We study novel approaches for solving of hard combinatorial problems by translation to Boolean Satisfiability (SAT). Our focus is on combinatorial problems that can be represented as a permutation of n objects, subject to additional constraints. In the case of the Hamiltonian Cycle Problem (HCP), these constraints are that two adjacent nodes in a permutation should also be neighbors in the original graph for which we search for a Hamiltonian cycle. We use the absolute SAT encoding of permutations, where for each of the n objects and each of its possible positions in a permutation, a predicate is defined to indicate whether the object is placed in that position. For implementation of this predicate, we compare the direct and logarithmic encodings that have been used previously, against 16 hierarchical parameterizable encodings of which we explore 416 instantiations. We propose the use of enumerative adjacency constraints--that enumerate the possible neighbors of a node in a permutation-- instead of, or in addition to the exclusivity adjacency constraints--that exclude impossible neighbors, and that have been applied previously. We study 11 heuristics for efficiently choosing the first node in the Hamiltonian cycle, as well as 8 heuristics for static CNF variable ordering. We achieve at least 4 orders of magnitude average speedup on HCP benchmarks from the phase transition region, relative to the previously used encodings for solving of HCPs via SAT, such that the speedup is increasing with the size of the graphs.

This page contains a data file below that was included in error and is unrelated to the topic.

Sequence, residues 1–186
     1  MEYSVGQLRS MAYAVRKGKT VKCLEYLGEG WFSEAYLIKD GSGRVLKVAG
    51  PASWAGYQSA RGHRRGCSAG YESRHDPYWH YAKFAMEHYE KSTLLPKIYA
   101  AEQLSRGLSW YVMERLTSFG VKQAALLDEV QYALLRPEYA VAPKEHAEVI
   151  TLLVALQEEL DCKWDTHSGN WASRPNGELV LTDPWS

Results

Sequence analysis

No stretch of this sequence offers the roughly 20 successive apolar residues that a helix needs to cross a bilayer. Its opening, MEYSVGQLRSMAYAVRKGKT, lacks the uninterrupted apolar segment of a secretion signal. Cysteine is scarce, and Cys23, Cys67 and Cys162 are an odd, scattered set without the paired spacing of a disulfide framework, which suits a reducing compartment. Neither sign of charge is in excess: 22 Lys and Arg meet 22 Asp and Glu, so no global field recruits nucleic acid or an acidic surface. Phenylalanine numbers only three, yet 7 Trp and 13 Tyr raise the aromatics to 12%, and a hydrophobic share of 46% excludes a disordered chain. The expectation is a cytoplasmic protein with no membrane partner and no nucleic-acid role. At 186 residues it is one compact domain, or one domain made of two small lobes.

True distance memory-based heuristics (TDHs) were recently introduced as a way to obtain admissible heuristics for explicit state spaces. In this paper, we introduce a new TDH, the portal-based heuristic. The domain is partitioned into regions and portals between regions are identified. True distances between all pairs of portals are stored and used to obtain admissible heuristics throughout the search. We introduce an A*- based algorithm that takes advantage of the special properties of the new heuristic. We study the advantages and limitations of the new heuristic. Our experimental results show large performance improvements over previously-reported TDHs for commonly used classes of maps.
The field of artificial intelligence needs to attract new researchers to the field to continue current explorations and look for novel approaches to tomorrow's problems. One approach involves providing students with learning tools that excite their imagination and help them obtain an appreciation for what artificial intelligence can do. The tools described here are used in an undergraduate course at Sam Houston State University. They include heuristic-driven search in a potential game's terrain map, reinforcement learning in a tank battle game, and game tree search techniques in tictac-toe.
A common direction in heuristic search is to develop techniques for very large combinatorial domains (e.g., permutation puzzles) where the state space is defined only implicitly, due to its exponential size. However, there are many domains, such as map-based searches (common in GPS navigation, computer games, and robotics) where the entire state-space is given explicitly. Optimal paths for such domains can be found relatively quickly with simple heuristics, especially when compared to the time it takes to explore exponentially large combinatorial problems. Relative quickness, however, might still not be fast enough in certain real-time applications, where further improvement towards high-speed performance is especially valued. We present an approach that relies on preprocessing techniques that can dramatically reduce search costs, and do not compromise search optimality.